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Ask a Yogi: Which Style of Yoga is Best for Weight Loss?

Fitness | Weight Loss

Here’s the good news yogis: whether you are practicing yoga for relaxation or to get a physical workout, you are strengthening your relationship with your body. The most important element of any sustainable weight loss journey is learning to enjoy being in your body and listening to your body’s signals.

As you become more familiar with what helps and hurts your body, you will become more discerning about how you consume and burn calories. Therefore, ANY style of yoga (practiced with awareness) will help you achieve this goal.

That being said, a few styles of yoga can decrease weight over a shorter timeframe including Ashtanga, Vinyasa and Hot yoga. Each of these styles is designed to increase your heart rate and circulation, to promote sweating and movement of lymphatic fluid, and finally, to encourage conscious, deep breathing. The combination of these elements is vital to any weight-loss regimen.

Ashtanga Yoga

What to expect: You will be introduced to a primary series of postures when you begin Ashtanga yoga. The poses (and order of poses) of this primary series will not change from class to class, so your body creates muscle memory and you notice changes in your capacity from day to day.

Once you have mastered the primary series, you will be instructed in more postures and sequence options.  If your studio designates a “Mysore-style” class, you will be in a classroom with practitioners of all levels who will be performing their own sequences while the teacher observes/offers guidance. It’s important to keep your focus on your own mat.

This style of yoga can feel a bit like a personal obstacle course that you navigate through consistent and dedicated practice.

Main benefits: Builds heat and detoxifies body through coordinated breathing and movement, increases flexibility and circulation through repetition, and cultivates devotion/discipline for a daily practice that prizes body awareness.

Vinyasa Yoga

What to expect: You will be moving continuously from pose to pose throughout the practice and coordinating your movements with your breath. This style of yoga is often called “flow” yoga and derives from the classical Ashtanga practice. There will be more variety in the sequencing (order of the postures) of the class than in Ashtanga classes, and you’ll be practicing the same sequence as the teacher (if practicing online) and/or other students in the room.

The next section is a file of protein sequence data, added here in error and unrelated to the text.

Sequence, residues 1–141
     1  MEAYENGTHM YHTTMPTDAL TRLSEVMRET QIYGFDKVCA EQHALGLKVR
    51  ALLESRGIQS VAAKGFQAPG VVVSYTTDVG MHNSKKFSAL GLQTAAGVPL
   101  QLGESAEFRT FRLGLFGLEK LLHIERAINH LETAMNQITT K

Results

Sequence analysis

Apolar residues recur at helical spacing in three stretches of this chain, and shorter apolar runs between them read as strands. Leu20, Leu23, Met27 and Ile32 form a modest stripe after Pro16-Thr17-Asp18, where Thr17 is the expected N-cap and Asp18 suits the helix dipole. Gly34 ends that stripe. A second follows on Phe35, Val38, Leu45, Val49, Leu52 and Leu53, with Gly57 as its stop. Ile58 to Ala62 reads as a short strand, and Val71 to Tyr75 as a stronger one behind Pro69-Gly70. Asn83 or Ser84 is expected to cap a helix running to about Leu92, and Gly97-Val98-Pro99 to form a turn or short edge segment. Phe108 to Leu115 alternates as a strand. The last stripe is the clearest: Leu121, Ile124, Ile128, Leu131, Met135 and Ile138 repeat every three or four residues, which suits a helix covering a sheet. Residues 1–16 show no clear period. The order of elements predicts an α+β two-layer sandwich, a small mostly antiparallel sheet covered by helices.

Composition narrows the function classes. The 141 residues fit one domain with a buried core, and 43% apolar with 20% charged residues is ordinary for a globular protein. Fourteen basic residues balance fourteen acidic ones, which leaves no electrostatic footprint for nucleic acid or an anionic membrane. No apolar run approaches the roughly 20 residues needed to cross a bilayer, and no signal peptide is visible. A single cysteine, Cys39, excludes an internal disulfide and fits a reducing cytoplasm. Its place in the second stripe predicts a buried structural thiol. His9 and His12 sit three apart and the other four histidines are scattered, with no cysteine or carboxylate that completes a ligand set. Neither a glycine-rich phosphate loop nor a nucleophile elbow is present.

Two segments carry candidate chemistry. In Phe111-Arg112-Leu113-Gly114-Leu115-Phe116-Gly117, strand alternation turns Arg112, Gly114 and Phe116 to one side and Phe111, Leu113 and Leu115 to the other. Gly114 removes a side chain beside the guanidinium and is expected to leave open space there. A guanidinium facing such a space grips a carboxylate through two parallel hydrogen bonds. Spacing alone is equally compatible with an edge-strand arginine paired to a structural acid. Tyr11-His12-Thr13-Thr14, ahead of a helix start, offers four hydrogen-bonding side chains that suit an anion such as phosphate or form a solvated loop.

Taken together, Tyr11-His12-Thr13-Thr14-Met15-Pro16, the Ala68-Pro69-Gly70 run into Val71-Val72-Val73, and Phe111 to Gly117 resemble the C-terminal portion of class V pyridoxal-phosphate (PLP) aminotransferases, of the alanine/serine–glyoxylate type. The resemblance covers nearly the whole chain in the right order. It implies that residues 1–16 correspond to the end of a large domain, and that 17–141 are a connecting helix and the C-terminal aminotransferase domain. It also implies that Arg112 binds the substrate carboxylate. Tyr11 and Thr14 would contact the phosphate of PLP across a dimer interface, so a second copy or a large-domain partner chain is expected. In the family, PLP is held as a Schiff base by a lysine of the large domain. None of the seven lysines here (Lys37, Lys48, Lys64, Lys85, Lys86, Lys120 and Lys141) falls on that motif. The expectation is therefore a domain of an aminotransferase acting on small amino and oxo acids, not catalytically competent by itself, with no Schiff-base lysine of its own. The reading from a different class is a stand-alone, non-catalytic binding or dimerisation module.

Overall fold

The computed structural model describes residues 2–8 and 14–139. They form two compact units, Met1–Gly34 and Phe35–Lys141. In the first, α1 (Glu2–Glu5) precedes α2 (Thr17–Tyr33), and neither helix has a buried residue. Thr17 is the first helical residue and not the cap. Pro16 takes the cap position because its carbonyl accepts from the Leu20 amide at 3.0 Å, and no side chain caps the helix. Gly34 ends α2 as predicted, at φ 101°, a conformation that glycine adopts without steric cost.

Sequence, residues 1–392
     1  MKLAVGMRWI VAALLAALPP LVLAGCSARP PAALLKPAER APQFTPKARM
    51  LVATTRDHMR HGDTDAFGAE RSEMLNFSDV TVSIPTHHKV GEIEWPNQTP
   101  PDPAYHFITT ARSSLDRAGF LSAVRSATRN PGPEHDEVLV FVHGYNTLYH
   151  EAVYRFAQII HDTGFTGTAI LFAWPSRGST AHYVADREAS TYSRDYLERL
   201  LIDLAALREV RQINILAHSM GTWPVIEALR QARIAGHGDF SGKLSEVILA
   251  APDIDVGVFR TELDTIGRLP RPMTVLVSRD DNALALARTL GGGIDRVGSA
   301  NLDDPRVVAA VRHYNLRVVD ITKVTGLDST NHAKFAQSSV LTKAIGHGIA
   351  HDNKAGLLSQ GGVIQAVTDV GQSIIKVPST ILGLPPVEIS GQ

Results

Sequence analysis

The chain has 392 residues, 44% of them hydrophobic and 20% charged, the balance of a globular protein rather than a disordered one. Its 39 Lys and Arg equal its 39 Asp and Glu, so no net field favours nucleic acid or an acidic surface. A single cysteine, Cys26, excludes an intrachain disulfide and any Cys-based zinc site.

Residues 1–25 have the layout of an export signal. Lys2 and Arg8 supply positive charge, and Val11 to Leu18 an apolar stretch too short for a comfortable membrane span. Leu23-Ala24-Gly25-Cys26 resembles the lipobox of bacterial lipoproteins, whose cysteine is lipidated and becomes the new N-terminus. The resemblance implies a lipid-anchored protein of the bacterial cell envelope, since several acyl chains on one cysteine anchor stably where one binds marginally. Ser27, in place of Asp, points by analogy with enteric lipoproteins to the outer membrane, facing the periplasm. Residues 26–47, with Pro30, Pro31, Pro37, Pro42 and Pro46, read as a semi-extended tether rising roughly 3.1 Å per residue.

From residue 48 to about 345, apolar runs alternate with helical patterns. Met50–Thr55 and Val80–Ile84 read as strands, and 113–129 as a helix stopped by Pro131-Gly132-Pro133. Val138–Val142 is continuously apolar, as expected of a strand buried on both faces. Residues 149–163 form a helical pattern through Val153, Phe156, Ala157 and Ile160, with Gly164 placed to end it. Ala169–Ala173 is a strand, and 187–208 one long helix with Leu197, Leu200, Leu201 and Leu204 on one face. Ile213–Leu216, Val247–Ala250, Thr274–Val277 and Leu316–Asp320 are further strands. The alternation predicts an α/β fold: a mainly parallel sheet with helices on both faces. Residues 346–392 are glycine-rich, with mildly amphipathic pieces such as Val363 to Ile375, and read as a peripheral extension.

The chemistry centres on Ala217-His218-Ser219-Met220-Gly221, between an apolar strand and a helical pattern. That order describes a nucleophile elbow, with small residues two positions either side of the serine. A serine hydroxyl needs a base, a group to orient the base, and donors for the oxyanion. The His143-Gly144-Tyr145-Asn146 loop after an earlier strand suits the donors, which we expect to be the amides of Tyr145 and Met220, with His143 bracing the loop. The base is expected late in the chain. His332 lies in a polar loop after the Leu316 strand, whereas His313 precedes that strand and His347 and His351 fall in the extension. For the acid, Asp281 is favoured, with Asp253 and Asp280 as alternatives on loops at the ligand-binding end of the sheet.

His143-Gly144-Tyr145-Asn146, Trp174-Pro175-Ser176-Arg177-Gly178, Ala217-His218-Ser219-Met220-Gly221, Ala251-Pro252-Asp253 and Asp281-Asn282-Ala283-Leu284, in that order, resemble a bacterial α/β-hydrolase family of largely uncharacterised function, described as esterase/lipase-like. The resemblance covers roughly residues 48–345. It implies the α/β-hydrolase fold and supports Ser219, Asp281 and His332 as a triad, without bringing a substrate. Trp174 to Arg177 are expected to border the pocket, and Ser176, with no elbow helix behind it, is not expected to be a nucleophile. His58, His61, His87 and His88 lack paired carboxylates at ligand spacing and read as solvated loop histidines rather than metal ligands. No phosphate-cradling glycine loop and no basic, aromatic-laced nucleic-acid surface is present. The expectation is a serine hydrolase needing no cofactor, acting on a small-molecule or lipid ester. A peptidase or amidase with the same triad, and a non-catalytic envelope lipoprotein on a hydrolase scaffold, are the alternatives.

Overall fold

Depending on the pace of the class or teacher, you could be moving as quickly as one breath to one movement. This is a style of practice that feels a bit like running a marathon.

Main benefits: Build heat and focus through rapid and continuous movement, increase flexibility and circulation through repetition, and promote deep detoxification on all levels – physical, mental and emotional.

Hot Yoga

What to expect: A hot to REALLY HOT room. Unlike Vinyasa yoga, which can be practiced online, you will need to visit a yoga studio to get this experience. Most hot yoga classes are derivatives of Bikram Yoga—a style that has a set series of 26 postures done in a room heated to between 95–108 °F  with added humidity.

Hot yoga allows for variation in postures, sequence of postures, and level of heat in the room. There will be periods of holding the postures and you will be encouraged to stay in the room without leaving or drinking water.

Main benefits: Body heat and flexibility increase without physical exertion by practicing in a hot room. Therefore, greater levels of opening, sweating and detoxification are accessed earlier in this practice. It’s especially important to be aware of your limitations so that you stay hydrated and don’t push beyond your body’s natural range of motion.

Tips for Maximizing Your Experience

Eat no later than 2-3 hours before class. Taking class on a full stomach can result in nausea. Also make sure to drink plenty of water before and after class, but avoid drinking water during class.

Find a studio where you feel comfortable practicing. Aim for a non-competitive atmosphere where the teacher and students empower you to work to your potential and rest when you need to rest. Lastly, find a teacher who has the time to talk to you before or after class if you have questions about your body or about the practice.

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